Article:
World’s Deadliest Microfossil Was Our Earliest Ancestor
Teeth. That’s the first thing you see. Lots and lots of teeth. This thing was nothing BUT teeth and a mouth. The creature is called SACCORHYTUS. It was a DEUTEROSTOME, and these type creatures are the foundation, or were, upon which mammalian life evolved, including human beings. Yes, this one-millimeter-long sea creature was our ancestor, perhaps our FIRST ancestor. This toothy little devil was our progenitor. SACCORHYTUS, the teeny tiny jellyfish from hell (which the article from CNN describes, not inaccurately, as looking like the chestbuster from ALIEN), was, in a sense, the first Adam!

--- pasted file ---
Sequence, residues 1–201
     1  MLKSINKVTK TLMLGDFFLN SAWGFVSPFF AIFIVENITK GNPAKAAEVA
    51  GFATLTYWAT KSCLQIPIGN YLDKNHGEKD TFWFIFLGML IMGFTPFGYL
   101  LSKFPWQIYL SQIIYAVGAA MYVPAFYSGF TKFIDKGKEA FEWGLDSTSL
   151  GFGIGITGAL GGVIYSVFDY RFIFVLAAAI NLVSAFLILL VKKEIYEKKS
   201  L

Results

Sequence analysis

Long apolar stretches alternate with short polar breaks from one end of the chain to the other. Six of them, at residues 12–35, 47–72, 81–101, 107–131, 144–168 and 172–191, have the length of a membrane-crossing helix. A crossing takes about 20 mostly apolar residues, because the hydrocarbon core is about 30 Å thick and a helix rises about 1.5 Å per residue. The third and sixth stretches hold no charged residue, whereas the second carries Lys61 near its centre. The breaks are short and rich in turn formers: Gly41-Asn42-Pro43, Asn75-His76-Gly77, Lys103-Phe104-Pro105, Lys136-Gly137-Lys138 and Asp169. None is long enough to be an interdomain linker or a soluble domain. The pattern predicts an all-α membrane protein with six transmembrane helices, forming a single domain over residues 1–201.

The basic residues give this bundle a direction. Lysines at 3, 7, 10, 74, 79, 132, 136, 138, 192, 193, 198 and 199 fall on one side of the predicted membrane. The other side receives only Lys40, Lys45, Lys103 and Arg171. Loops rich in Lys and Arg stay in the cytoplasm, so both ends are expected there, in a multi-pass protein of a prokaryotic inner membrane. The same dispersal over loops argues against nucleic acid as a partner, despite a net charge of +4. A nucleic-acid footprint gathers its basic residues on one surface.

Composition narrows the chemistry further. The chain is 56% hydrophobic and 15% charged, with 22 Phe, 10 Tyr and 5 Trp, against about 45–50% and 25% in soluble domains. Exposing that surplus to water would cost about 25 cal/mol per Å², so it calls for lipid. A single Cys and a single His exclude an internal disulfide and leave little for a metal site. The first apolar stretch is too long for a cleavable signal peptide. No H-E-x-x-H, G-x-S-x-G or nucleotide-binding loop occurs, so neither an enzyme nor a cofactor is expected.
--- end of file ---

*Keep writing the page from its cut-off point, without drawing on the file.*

How poetic. How symbolic of life, of Nature. This little bugger was all mouth and teeth. It ate. That’s ALL it did. It ate and reproduced. And it was a PREDATOR. Our first ancestor was a killer. If you can get existential for a moment, take a gander at the artistic representation of SACCORHYTUS. Could anything be more terrifying? No? You mean, no, it ISN’T scary? Imagine yourself as only a millimeter long, swimming along in some primordial sea. Then you see THE MOUTH heading right for you. Scientifically, the fossils of SACCORHYTUS discovered in China are invaluable, as it is believed by scientists that the earliest forms of life were too small to have been preserved in the fossil record, thus our knowledge of our evolution can only go back so far before hitting a wall. Little SACCO THE MOUTH came from the far side of that wall. Philosophically there is much to be gained from its study, as the knowledge that all human beings evolved from such an efficient little monster has ramifications about our innate communal identity. For Monster Kids, though, it’s just really frikkin’ cool. We need a movie about a giant SACCORHYTUS! They could call it—wait for it—THE MOUTH!